The Kennesaw State Department of Health Promotion and Wellness partnered with the Peer Health Owls Outreach and Wellness Leaders to host a Fall Festival on alcohol safety and awareness, presented Oct. 20 at 3 p.m. on the Campus Green.
During the Fall Festival, different booths provided students information on the importance of alcohol safety and the dangers when under the influence of alcohol. Students enjoyed their choice of mock-tails and educational games such as Plinko to win prizes.
The Center of Young Adult Addiction and Recovery provided an onsite demonstration of what a standard drink looks like, testing the skills of each student by pouring a mock drink into different size drinking glasses. The goal for the game was showing students that the average drink each individual pours is more than the standard amount.
The student peer health educator demonstration provided alcohol impairment simulation goggles of different alcohol levels. Students would have to walk around U-shaped cones without knocking any over. This exercise showed students how their vision becomes impaired under the influence and the dangers of driving under the influence.
The Department of Counseling and Psychological Services shared information on the services offered by their licensed staff of psychologist and support groups for students.
The Georgia Department of Highway Safety provided a rollover simulator demonstration to educate riders on the safety of wearing a seatbelt.
As of Oct. 20, 1,384 people have died in Georgia, which is 84 more from 2020 according to Officer Ed Weaver of the Governors Office of Highway Safety.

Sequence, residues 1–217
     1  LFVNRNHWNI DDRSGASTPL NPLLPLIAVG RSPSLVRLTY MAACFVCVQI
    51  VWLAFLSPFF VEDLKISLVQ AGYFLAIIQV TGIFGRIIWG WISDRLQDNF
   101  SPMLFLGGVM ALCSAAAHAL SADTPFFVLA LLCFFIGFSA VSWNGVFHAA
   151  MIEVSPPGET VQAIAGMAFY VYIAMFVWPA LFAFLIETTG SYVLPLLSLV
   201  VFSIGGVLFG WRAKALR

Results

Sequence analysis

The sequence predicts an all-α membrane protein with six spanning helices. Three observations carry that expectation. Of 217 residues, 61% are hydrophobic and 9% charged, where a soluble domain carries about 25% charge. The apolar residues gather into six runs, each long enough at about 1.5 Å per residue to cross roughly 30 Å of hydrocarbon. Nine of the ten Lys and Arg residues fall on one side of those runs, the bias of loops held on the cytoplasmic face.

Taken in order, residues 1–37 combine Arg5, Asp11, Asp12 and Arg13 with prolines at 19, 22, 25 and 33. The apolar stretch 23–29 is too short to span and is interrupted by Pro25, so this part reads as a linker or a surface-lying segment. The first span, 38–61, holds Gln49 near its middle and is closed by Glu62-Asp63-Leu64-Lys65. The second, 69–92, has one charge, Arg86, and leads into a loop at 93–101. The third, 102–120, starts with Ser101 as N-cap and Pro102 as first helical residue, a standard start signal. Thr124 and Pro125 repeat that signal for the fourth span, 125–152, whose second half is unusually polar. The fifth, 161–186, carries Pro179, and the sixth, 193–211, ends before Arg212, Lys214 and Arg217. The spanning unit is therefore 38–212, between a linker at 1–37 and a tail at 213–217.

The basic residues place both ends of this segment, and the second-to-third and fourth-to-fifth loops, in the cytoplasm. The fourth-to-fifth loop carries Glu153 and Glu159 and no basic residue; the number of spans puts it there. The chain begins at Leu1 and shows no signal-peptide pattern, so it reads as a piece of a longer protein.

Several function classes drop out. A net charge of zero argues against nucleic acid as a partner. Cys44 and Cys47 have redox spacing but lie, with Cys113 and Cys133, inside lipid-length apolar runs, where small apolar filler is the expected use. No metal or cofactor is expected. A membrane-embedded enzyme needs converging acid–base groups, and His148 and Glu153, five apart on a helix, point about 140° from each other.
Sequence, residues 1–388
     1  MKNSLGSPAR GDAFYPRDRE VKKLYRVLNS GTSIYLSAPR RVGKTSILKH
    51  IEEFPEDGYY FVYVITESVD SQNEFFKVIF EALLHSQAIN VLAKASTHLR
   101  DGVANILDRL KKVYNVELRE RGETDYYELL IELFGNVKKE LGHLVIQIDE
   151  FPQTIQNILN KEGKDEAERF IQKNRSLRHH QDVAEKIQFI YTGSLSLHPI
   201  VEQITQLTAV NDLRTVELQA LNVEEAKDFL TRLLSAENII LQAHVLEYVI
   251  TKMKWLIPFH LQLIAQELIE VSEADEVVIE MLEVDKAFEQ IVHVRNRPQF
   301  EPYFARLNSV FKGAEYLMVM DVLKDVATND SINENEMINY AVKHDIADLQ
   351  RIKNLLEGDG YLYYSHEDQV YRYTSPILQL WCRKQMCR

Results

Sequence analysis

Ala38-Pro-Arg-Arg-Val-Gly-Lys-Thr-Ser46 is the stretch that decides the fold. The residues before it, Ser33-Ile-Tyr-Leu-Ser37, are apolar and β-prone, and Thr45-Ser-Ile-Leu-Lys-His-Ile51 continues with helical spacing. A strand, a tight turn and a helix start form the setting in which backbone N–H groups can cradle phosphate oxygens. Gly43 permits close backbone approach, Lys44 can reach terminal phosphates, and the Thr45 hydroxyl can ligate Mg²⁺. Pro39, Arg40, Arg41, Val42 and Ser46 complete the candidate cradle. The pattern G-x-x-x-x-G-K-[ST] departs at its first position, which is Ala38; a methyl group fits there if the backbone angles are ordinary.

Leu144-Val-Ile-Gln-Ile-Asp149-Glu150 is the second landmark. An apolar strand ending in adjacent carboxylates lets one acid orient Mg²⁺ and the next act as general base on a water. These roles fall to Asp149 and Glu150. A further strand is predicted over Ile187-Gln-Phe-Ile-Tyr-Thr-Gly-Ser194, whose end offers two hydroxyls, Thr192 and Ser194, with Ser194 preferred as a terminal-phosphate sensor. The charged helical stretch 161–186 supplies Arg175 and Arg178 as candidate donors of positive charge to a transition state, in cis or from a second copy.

“30 percent of the 1,384 personnel could have survived if they were wearing a seatbelt,” Weaver said.
Weaver’s rollover exhibit showed the dangers of an accident for a passenger with and without a seatbelt on impact of a vehicle accident. The state of Georgia has three rollover simulators provided for education in hopes of lowering the number of car accident deaths in Georgia, Weaver said.
Everyone in attendance was able to take a magnet, cup and stickers with information on blood alcohol content (BAC) levels, other awareness tips and reminders.
The knowledge provided at KSU’s Fall Festival worked toward educating faculty and students on better safety practices.
For more information on the Peer Health Owls Outreach and Wellness Leaders and on how to get involved, contact them by email at email@example.com or firstname.lastname@example.org. To learn more about the benefits of the Department of Health Promotion and Wellness or to schedule an appointment, contact them by phone at 470-578-6394, or follow their Instagram.